Gambling and financial harms: a multi-level approach

Virve Marionneau¹, Janne Nikkinen¹

¹University of Helsinki


This non-peer reviewed entry is published as part of the Critical Gambling Studies Blog. To cite this blog post: Marionne, V. & Nikkinen, J. (2024). Gambling and financial harms: a multi-level approach. Critical Gambling Studies.


Gambling is integrally linked to financial problems and harms. In this blog, we discuss the relationship between gambling and financial harm from a multi-level, socio-ecological perspective (cf. Wardle et al., 2018). We argue that gambling and financial harms are linked in a multitude of ways, spanning far beyond the individual experience of debt and financial hardship. Gambling can lead to significant financial losses that have wide-ranging and rapidly emerging negative impacts on individuals and families. Financial harms caused by gambling are also experienced at inter-personal and societal levels. These harms are driven by individual vulnerabilities as well as social structures, including commercial exploitation and increased availability of both gambling and credit, particularly in digital environments. A model of a socio-ecological approach to gambling and financial harm is presented in Figure 1.

Figure 1. A socio-ecological approach to gambling and financial harm.

Individual and inter-personal levels

Gambling can cause financial harm to individuals and families when they cannot meet other financial commitments due to gambling, or when they borrow money to finance continued gambling (Muggleton et al., 2021; Barnard et al., 2014). Gambling-related financial harms can further aggravate other gambling-related harms. Financial difficulties may cause or worsen health issues, psychological suffering, and family disfunction (Swanton & Gainsbury, 2020a). Debt and financial trouble are also key drivers behind gambling-related suicidality (Marionneau & Nikkinen, 2022). A UK study found that high levels of gambling were associated with 37% increase in mortality (Muggleton et al., 2021). Similar harms accrue at the inter-personal level. Family members of those experiencing problems with gambling can also experience long-term financial harms. Financial hardship puts a two-fold strain on families: gambling-related debt and financial losses impact the family household budget, but they also have a negative impact on family relationships and emotional wellbeing (Marionneau et al., 2023b; Dowling, 2014).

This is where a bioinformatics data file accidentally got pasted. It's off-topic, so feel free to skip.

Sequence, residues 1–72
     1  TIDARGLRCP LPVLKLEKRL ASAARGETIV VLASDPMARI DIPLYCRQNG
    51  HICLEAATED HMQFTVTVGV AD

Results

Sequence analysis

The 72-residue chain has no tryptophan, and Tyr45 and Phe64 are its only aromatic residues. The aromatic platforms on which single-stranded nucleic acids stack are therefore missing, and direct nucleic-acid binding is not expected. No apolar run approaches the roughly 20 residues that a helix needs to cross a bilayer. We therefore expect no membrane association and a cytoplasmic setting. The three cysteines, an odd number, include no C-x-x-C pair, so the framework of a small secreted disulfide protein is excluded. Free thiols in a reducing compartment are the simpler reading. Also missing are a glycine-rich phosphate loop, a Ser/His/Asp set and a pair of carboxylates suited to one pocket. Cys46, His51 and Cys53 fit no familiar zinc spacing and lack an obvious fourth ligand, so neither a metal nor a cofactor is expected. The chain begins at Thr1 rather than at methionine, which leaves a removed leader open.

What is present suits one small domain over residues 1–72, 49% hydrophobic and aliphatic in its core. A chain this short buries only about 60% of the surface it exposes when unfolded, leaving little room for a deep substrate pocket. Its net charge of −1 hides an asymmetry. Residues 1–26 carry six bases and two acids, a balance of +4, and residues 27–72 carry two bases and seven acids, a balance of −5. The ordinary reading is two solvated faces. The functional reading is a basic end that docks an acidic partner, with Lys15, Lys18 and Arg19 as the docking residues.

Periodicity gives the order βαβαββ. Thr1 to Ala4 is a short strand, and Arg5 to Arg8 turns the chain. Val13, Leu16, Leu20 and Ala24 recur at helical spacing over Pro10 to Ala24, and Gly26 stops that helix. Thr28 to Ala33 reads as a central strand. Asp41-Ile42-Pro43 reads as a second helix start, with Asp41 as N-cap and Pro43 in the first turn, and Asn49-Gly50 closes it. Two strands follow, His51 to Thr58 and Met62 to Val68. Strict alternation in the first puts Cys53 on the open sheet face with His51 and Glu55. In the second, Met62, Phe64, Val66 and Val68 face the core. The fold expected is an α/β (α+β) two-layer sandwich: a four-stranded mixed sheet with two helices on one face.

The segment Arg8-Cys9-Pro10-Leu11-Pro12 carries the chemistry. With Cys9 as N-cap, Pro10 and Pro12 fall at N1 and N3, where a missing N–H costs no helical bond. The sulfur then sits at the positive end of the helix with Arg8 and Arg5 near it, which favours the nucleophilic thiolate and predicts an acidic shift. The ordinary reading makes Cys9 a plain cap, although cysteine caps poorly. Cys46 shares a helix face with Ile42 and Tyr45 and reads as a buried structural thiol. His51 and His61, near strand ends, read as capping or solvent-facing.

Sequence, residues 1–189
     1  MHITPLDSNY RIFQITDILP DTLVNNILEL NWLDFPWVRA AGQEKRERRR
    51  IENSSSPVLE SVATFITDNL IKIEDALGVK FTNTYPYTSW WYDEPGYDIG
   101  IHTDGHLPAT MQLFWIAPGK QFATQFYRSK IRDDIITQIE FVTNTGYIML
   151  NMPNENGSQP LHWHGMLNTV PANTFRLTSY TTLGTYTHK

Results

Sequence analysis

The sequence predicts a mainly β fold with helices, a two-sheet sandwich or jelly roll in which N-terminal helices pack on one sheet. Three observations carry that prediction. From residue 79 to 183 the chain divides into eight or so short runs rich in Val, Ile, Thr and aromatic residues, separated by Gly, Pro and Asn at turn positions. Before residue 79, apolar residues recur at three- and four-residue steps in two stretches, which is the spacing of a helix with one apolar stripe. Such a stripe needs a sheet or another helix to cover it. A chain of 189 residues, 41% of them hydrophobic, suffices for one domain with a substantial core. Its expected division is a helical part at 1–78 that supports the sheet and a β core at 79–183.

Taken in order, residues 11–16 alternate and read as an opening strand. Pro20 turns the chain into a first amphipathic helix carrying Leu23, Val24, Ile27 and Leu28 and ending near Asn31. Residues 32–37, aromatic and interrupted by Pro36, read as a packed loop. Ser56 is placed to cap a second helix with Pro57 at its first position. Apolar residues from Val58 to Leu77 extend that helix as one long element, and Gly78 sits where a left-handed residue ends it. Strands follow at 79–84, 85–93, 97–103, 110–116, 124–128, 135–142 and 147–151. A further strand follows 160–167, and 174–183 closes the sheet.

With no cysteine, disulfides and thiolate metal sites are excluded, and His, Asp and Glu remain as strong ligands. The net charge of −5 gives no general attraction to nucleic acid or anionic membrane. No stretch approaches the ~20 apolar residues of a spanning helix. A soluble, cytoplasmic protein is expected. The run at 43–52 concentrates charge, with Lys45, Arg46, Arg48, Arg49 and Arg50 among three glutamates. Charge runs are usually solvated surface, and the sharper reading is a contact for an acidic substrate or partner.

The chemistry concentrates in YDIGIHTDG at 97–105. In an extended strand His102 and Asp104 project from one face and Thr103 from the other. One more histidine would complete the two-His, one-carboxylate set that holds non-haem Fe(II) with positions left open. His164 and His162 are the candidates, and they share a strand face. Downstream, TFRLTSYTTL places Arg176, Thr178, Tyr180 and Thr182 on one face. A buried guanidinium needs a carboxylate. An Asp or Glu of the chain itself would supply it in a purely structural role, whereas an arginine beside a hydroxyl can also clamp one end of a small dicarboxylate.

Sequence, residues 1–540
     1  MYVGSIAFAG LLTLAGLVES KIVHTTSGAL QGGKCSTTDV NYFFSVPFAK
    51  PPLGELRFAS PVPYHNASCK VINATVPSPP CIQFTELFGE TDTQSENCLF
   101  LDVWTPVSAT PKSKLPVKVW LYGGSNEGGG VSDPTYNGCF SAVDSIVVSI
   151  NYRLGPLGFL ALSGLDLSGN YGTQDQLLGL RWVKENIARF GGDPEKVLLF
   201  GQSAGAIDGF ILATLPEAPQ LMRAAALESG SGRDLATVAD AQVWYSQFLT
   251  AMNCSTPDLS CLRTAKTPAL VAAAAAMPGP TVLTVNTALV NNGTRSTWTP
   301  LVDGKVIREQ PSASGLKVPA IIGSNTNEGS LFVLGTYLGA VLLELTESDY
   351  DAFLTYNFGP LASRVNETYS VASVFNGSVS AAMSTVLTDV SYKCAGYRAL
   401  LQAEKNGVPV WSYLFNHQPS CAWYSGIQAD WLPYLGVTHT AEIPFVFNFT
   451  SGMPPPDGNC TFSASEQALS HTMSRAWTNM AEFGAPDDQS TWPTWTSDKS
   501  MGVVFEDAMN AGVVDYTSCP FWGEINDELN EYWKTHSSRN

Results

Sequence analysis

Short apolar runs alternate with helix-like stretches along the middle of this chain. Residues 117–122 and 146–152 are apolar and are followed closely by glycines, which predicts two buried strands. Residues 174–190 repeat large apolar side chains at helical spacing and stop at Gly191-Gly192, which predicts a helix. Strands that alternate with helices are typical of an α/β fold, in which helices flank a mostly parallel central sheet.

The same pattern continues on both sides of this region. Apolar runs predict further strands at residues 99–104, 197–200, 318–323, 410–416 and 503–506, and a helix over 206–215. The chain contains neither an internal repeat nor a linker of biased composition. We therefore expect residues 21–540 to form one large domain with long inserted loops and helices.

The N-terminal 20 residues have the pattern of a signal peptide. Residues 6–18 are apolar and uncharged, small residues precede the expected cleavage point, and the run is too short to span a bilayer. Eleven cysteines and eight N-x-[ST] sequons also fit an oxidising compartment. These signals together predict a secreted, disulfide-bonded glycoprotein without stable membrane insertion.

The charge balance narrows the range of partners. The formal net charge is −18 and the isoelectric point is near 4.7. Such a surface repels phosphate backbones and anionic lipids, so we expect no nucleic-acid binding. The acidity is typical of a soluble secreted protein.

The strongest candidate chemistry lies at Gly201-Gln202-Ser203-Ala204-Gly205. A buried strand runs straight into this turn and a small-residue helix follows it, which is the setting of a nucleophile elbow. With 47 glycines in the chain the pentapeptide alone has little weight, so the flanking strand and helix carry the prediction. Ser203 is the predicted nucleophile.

Levels of debt have been found to be particularly high among help-seekers and those meeting the clinical criteria for problem gambling (Downs & Woolrych, 2010; Swanton & Gainsbury, 2020b). Recent studies using bank transaction data (Davies et al., 2022; Marionneau et al., 2023a) have found that gambling is prevalent also among those seeking help for financial problems at debt consolidation or consumer credit counselling services. For example, we recently conducted study using past-year bank transaction data of highly indebted Finnish individuals seeking a debt consolidation loan (N=23,231) (Marionneau et al., 2023a). The results of this study showed that 55.8 percent of these highly indebted individuals had gambled in the previous year (excluding cash-based gambling) and approximately 17 percent (N=4,006) of applications for debt consolidation within the service were rejected due to heavy gambling. This is particularly alarming since this may discourage individuals experiencing gambling harm from seeking other help.

Financial problems are not only a cause of gambling, but they can also be an important driver of gambling. Accumulated debt may encourage further gambling as a perceived solution (Sulkunen et al., 2019). Financial difficulties related to gambling may also differ across socio-demographic characteristics. Gambling expenditure is highly concentrated at a population level (e.g., Kesaite et al., 2023). Those in the highest spending groups are more often male and have lower educational levels than those in lowest spending groups (e.g., Grönroos et al., 2021). These social groups may also be more vulnerable to financial problems due to their gambling.

Societal level